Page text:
This is a very fine condition WWI Model 1917 double action revolver manufactured by Colt in the spring of 1918.
With U.S. involvement in WWI becoming inevitable after 1916, the U.S. government began to increase small arms production across the board. For side arms, the Ordnance Department augmented Colt’s production of the semi-automatic Model 1911, .45 Pistol by awarding a contract to Remington-UMC for additional 1911 production. Even with this additional production capability, there was a significant shortage of side arms. As a stop-gap measure, the Ordnance Department asked Colt and Smith & Wesson, the two premier revolver manufacturers in the United States, to produce a revolver based on their existing heavy frame civilian revolvers that could fire the .45 ACP rimless cartridge.
Colt had previously produced the Colt Model 1909 double action revolver that was chambered to fire the .45 Long Colt (Modified) cartridge. This cartridge was rimmed and was slightly larger than the earlier Long Colt round. The .45 ACP round, as a rimless cartridge, would not work in the Model 1909 revolver since the entire round would fall straight through the cylinder.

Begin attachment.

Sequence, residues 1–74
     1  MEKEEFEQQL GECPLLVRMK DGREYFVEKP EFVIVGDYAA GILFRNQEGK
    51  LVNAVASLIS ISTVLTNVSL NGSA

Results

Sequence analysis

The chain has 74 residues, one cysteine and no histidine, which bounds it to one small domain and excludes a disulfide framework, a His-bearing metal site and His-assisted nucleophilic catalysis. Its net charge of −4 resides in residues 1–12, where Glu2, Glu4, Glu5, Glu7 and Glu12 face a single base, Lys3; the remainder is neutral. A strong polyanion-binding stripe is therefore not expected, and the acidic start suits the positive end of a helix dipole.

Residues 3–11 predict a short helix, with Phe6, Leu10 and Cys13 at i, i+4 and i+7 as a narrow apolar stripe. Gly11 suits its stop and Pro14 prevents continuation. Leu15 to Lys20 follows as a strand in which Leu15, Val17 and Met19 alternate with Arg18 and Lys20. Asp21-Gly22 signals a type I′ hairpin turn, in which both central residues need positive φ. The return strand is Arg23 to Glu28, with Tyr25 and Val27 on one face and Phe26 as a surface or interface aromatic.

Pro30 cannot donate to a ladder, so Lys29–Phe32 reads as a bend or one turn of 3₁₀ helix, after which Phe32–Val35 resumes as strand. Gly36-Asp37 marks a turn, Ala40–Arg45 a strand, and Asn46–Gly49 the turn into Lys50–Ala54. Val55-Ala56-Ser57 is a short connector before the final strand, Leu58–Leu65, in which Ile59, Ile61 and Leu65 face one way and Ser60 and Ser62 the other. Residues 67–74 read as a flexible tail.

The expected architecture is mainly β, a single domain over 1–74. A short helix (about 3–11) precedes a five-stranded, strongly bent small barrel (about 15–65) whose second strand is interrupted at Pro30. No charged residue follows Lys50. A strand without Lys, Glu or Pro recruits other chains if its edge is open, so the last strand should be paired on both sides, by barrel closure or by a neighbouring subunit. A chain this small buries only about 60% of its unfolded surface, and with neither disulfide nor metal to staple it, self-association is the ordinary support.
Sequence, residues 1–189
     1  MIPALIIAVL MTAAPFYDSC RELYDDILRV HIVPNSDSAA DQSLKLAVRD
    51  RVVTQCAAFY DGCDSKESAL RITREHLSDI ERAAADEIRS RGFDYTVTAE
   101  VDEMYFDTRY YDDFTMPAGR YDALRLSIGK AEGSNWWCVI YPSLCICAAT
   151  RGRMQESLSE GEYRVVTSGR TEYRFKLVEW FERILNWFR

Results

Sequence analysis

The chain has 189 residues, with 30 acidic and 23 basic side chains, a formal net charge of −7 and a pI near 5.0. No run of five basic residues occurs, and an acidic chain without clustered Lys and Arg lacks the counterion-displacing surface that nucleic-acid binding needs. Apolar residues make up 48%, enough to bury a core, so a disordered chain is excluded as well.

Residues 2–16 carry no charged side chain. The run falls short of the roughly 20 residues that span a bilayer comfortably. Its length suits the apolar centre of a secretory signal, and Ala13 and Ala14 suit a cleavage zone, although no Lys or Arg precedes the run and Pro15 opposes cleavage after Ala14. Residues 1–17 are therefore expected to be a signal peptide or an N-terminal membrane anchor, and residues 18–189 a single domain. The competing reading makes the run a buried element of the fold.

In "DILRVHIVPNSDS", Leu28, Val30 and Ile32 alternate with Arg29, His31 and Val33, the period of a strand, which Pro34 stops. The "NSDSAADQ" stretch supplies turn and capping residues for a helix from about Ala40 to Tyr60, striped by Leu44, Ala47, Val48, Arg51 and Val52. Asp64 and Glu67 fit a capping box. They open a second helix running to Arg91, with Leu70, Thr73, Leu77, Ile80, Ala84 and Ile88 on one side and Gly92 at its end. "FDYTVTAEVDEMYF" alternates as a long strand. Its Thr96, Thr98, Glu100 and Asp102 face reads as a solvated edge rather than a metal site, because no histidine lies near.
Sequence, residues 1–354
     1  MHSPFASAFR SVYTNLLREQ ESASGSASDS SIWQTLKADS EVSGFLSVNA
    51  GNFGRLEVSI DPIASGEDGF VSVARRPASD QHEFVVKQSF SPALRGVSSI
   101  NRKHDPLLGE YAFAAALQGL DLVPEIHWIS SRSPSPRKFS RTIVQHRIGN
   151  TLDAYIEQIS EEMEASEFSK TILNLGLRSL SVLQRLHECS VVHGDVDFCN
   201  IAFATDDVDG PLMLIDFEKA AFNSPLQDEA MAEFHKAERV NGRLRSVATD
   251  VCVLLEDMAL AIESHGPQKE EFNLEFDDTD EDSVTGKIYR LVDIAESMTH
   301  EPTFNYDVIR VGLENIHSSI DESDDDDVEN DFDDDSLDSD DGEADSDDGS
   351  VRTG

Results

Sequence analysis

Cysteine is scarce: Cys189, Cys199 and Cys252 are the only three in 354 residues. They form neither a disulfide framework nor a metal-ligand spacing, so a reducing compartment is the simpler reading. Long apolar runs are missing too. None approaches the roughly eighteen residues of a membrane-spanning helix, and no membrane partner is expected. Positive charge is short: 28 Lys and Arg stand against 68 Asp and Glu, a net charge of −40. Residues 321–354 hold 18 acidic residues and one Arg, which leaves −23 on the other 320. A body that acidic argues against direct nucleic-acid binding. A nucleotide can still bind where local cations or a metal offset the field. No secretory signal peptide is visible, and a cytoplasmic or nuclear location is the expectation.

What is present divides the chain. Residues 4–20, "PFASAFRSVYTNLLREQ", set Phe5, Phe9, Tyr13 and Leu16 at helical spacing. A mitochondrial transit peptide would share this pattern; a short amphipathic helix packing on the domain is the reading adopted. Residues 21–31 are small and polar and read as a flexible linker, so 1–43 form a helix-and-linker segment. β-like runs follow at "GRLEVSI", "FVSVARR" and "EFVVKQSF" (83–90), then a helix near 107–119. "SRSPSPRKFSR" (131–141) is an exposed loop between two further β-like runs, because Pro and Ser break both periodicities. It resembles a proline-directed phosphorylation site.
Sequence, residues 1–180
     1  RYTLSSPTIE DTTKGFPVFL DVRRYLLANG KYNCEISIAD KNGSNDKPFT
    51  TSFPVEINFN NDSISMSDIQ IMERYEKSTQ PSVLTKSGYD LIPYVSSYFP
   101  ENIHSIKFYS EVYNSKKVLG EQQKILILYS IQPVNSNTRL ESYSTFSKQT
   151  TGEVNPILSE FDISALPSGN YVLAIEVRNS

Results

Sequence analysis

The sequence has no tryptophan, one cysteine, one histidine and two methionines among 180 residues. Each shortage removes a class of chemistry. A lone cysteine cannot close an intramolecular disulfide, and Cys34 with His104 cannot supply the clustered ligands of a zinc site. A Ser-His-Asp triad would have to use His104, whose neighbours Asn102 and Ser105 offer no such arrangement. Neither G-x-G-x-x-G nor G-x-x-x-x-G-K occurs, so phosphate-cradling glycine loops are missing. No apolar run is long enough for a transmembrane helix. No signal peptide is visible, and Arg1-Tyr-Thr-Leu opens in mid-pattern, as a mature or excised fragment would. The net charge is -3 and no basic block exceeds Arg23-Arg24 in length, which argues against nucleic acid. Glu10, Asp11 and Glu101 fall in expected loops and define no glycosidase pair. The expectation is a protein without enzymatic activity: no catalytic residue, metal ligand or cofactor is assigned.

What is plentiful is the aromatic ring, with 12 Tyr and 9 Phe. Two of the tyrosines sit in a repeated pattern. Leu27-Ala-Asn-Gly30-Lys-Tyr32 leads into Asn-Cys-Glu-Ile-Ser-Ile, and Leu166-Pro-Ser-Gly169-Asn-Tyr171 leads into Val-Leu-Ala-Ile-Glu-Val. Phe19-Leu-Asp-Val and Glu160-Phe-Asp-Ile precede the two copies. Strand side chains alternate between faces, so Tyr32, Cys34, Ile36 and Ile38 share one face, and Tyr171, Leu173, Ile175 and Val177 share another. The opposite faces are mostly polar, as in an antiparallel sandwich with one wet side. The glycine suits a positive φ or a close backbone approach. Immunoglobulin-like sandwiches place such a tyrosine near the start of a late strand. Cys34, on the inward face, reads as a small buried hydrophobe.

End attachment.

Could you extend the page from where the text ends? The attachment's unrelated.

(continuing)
Smith & Wesson solved this problem initially by counterboring the chambers so that the .45 ACP cartridge would headspace on their forward rim. This did not, however, alleviate the problem of extracting the spent cases with the star ejector. This was solved by Joseph Wesson at Smith & Wesson by developing a half-moon clip that held three .45 ACP cartridges together. The clip, which was made of spring steel, secured the three rounds to the cylinder face and it also permitted the clip with three fired rounds to be extracted. The six-round revolver used two half-moon clips.
Although Smith & Wesson invented and patented the half-moon clip, the Ordnance Department pressured Smith & Wesson to permit Colt to use the same design free of charge in its version of the new revolver.
The resulting revolver was designated by the Ordnance Department as the U.S. Revolver, Caliber .45, Model of 1917. As noted, Colt’s Model 1917 design was based on its earlier Model 1909 Revolver and was nearly identical from its outward appearance.